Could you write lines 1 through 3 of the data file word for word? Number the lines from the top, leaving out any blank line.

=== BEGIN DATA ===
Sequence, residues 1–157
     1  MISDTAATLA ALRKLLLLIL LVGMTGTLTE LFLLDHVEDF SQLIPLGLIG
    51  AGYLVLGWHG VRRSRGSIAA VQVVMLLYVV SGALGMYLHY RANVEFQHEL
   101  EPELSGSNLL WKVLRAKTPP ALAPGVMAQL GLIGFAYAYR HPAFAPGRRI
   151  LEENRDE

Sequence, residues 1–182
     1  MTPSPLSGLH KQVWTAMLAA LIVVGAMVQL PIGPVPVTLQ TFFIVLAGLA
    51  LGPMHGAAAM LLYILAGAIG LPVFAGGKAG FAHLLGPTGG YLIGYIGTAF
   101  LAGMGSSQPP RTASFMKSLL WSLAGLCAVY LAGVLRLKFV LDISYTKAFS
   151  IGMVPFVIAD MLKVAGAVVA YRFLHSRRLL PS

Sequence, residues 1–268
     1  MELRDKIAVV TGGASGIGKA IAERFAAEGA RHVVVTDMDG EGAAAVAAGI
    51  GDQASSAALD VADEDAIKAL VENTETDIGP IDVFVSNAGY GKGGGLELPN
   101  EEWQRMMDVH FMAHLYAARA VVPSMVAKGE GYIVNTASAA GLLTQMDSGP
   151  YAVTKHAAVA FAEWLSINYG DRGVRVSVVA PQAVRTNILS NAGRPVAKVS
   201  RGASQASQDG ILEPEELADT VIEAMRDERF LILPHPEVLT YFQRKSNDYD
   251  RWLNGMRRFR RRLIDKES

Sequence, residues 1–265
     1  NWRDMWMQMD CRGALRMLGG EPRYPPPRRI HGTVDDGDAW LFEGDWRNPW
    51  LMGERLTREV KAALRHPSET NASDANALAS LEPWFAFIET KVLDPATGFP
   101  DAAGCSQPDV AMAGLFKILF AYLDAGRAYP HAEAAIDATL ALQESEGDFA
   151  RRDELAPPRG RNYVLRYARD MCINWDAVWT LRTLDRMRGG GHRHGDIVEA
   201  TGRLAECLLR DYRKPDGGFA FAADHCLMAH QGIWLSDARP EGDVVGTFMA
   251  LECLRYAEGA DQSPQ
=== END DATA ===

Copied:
Sequence, residues 1–157
     1  MISDTAATLA ALRKLLLLIL LVGMTGTLTE LFLLDHVEDF SQLIPLGLIG
    51  AGYLVLGWHG VRRSRGSIAA VQVVMLLYVV SGALGMYLHY RANVEFQHEL